Alaska Attachment and Bonding Associates, AABA, founded in 1997, and Incorporated as a 501 © 3 in 2001, has gathered information from families over the past nine years from workshops, informal surveys, and advocacy work. AABA asked parents, “What do you need most when parenting traumatized children”. The answer was relief! So, AABA took on the enormous task of designing the first respite program in Alaska whose goal is to provide relief for parents raising traumatized children! Respite development began on August 18, 2006, when AABA became a site sponsor for Corporation of National and Community Service’s (NCCS) Ameri*Corps VISTA (Volunteers in Service to America), federal program, begun under President John F. Kennedy, to fight poverty in America.
People behind the scene
Without the dedication, perseverance, faith and hope of instrumental people involved in the development of this project; the collective dream to help parents who are raising traumatized children with attachment challenges, to find relief and hope through respite, this project would not be here today.
For their efforts, R.A.V.E.N. would like to acknowledge:
Bernadine (Bernie) Janzen has worked in the juvenile justice system of California. She has also been a group home foster parent, a group home counselor and a trainer in physical and mental wellness. She is an adoptive parent of two siblings from child welfare who experience breaks in their attachment. Ms. Janzen was a co-founder of and the Chief Executive Officer of the Alaska Attachment & Bonding Associates (AABA). She has her Masters of Science in Children Community Based Mental Health from Vermont College and South New Hampshire University and is a Licensed Professional Counselor in the State of Alaska. She is a registered clinician with the International Association for Treatment & Training of Attachment of Children (ATTACh). Ms. Janzen is a national speaker on issues of childhood attachment and the healing of the “new family” in, which this population of children come to live. She has provided consulting and contract work to Catholic Social Services of Alaska and to the Alaska Attachment & Bonding Associates. Ms. Janzen has worked for the last 8 years with families who children experience attachment disorders. She is currently expanding her practice to travel to families who live in rural areas of the United States who may not otherwise have access to attachment trained therapists.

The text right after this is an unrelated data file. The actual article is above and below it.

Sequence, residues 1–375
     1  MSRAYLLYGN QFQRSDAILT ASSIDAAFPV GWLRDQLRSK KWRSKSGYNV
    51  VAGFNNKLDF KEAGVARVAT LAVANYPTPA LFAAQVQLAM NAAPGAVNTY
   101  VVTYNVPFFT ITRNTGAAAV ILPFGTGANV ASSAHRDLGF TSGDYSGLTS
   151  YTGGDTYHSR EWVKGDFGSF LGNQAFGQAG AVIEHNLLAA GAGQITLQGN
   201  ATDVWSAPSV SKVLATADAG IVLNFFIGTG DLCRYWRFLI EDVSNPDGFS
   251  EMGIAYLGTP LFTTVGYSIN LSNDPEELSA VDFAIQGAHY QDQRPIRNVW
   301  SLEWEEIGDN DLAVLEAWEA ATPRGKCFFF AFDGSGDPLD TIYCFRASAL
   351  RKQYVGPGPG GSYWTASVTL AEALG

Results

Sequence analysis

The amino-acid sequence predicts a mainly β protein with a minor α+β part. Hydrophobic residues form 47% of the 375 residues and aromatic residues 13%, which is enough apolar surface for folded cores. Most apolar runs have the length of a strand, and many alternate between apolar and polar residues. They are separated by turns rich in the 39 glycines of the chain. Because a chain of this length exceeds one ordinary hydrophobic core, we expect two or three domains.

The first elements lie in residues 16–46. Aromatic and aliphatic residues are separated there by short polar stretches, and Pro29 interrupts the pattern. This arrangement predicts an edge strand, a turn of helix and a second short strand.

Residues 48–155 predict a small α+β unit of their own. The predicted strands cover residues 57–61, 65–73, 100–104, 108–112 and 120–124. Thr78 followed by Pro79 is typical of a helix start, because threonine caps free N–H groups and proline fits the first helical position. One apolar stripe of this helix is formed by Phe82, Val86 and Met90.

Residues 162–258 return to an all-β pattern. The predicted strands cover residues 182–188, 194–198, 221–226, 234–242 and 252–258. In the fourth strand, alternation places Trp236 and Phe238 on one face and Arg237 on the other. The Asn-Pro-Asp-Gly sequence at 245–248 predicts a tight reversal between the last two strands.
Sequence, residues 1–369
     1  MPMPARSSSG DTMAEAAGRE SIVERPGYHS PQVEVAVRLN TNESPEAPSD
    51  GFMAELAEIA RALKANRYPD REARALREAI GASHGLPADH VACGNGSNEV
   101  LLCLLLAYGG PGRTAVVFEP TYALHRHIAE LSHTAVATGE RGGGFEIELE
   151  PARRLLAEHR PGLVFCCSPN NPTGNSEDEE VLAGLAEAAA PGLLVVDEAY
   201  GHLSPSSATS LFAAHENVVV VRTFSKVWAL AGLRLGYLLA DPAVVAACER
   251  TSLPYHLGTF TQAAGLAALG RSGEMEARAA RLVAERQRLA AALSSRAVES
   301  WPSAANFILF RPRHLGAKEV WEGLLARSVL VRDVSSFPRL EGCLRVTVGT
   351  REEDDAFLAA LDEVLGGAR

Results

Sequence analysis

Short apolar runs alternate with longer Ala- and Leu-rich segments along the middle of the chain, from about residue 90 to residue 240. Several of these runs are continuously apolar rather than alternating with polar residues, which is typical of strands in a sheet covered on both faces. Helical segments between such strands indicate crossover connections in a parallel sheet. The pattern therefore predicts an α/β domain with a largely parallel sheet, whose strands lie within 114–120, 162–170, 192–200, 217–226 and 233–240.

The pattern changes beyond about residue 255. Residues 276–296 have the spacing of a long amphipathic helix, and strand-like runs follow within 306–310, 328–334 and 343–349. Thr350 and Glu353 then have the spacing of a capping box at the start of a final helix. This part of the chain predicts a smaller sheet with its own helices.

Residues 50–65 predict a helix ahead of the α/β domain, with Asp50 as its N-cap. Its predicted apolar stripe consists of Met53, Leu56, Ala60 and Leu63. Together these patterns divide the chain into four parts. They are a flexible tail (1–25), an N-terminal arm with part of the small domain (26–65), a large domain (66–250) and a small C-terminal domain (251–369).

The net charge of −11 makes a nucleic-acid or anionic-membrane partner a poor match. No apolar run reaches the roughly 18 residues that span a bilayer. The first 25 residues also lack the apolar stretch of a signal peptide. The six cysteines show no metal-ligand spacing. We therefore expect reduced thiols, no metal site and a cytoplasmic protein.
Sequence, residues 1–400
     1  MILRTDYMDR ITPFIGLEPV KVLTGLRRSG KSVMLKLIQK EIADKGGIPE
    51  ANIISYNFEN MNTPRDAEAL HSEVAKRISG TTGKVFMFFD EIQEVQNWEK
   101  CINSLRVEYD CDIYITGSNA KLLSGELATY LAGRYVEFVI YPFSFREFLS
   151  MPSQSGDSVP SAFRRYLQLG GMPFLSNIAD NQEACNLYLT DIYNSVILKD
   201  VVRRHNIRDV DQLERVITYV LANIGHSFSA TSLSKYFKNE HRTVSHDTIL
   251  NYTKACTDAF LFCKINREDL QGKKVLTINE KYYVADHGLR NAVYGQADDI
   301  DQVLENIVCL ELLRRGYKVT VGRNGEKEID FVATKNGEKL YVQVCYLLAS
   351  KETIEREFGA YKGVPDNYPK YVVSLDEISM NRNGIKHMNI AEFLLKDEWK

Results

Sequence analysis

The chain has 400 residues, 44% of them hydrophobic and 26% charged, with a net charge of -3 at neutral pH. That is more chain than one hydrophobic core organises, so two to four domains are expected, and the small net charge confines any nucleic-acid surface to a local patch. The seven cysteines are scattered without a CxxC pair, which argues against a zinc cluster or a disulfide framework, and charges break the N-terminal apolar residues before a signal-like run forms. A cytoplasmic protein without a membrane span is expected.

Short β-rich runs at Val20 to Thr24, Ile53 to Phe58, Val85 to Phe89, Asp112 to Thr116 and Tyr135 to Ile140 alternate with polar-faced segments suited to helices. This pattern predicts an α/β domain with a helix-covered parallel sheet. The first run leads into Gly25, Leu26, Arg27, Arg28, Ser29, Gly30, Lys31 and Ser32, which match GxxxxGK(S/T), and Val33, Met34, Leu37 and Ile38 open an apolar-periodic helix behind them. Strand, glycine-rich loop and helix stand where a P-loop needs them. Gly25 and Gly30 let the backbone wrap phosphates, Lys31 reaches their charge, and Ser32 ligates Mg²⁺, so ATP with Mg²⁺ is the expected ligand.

Ms. Janzen believes that all families who provide homes for children with attachment challenges need specialized therapy. She understands that trained families, friends, professionals and communities are the key to support this population of children and their new families in the challenging work ahead.
Contact information: firstname.lastname@example.org
In 2003, my family and I had a personal experience with what was described to us as Reactive Attachment Disorder (RAD). I knew nothing of this disorder, and I found myself on a journey that would forever change not only my life, but also the lives of my family members.
It was while on my exploration of RAD, that I met Bernie Janzen, and Eleanor Oakley with Alaska Attachment & Bonding Associates (AABA) an Advocacy and Resource Agency for parents who are parenting traumatized children. I began to volunteer my time by helping at the office of AABA once a week. Soon after, I became a Parent Advisory Board Member.
What I soon learned as a parent dealing with this disorder, is the lack of knowledge surrounding the disorder in our state. Most importantly, because of this lack of knowledge, there is a huge gap in services available to families living with this population of children.